Christchurch shootings: NZ cabinet backs action on gun laws

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Image caption Prime Minister Jacinda Ardern (R) said details of the new gun laws would be outlined within days

PM Jacinda Ardern says New Zealand’s cabinet has backed gun law changes “in principle” after the Christchurch shootings.

Fifty people were killed and dozens wounded in attacks at two mosques on Friday.

Australian Brenton Tarrant, 28, has appeared in court and been charged with murder.

The attacks sparked calls for gun law reform, with Ms Ardern saying soon after that “our gun laws will change”.

Speaking at a press conference after a cabinet meeting, Ms Ardern said she expected to give details of the reforms by 25 March.

“This ultimately means that within 10 days of this horrific act of terrorism we will have announced reforms which will, I believe, make our community safer,” she said.

“We have made a decision as a cabinet, we are unified,” the prime minister told reporters.

Ms Ardern also announced that an inquiry will look into the lead-up to the bloodshed, and what might have been done differently.

Many public vigils have been held across New Zealand over the weekend for the victims of the attacks, and more are planned for this week. Nine people remain in hospital in a critical condition.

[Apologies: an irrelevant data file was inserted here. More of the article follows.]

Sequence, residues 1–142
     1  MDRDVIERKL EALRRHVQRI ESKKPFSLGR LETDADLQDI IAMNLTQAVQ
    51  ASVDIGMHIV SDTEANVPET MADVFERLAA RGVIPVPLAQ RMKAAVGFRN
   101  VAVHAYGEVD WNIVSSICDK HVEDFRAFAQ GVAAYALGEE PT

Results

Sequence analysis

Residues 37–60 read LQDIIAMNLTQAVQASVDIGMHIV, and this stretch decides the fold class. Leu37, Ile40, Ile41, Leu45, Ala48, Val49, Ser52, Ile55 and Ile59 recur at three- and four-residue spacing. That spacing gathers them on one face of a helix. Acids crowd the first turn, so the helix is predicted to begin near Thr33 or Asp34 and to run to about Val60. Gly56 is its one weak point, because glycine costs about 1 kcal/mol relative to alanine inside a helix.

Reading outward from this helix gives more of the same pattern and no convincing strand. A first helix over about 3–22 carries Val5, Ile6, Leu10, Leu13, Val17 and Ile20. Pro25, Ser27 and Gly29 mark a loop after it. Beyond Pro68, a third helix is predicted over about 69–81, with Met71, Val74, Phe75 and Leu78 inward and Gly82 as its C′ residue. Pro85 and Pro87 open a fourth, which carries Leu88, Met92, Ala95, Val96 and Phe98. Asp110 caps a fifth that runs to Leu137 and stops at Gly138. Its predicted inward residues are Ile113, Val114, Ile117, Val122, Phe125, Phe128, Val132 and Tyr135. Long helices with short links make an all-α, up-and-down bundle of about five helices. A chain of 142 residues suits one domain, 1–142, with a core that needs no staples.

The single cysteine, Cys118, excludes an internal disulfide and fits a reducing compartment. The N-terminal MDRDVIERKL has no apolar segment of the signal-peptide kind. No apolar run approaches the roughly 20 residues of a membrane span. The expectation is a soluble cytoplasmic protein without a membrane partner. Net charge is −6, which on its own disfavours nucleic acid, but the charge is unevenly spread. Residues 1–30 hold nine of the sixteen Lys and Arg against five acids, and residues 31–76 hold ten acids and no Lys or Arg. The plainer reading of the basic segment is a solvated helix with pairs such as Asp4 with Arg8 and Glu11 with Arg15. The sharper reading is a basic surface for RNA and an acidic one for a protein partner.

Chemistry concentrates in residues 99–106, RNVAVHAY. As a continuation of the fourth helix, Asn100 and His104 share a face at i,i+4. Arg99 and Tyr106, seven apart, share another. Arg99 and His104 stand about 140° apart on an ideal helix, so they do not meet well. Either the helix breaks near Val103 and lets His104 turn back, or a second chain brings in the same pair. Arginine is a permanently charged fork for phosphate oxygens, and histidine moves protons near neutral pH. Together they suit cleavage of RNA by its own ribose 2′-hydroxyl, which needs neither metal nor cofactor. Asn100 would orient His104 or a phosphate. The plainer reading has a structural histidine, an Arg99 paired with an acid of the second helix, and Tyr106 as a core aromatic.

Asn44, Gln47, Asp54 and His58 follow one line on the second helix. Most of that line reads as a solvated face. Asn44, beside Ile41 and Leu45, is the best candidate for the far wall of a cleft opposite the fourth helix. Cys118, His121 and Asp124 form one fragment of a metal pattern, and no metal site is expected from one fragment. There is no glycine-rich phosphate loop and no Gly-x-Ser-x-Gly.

At the weekend, Ms Ardern said the suspect had a gun licence, obtained in November 2017, and owned five guns.

Earlier on Monday, gun retailer Gun City said it had sold weapons to the man charged with murder, but not the high-powered weapon used in the mosque shootings.

New Zealand’s Police Association has called for semi-automatic weapons to be banned, Radio New Zealand reported.

Previous attempts to tighten gun laws in New Zealand have failed due to a strong gun lobby and a culture of hunting.

New Zealand’s gun laws

  • The minimum legal age to own a gun is 16, or 18 for military-style semi-automatic weapons (MSSA)
  • There are an estimated 1.5 million privately-owned firearms in the country
  • All gun owners must have a licence but most individual weapons do not have to be registered. New Zealand is one of the few countries where this is the case
  • MSSAs must be registered, but critics say loopholes in the law mean they need only be minimally modified (for example by inserting a low calibre magazine) to evade this requirement
  • Applicants for a firearms licence must pass a background check of criminal and medical records
  • Once a licence has been issued, gun owners can buy as many weapons as they want

More on the country’s gun laws

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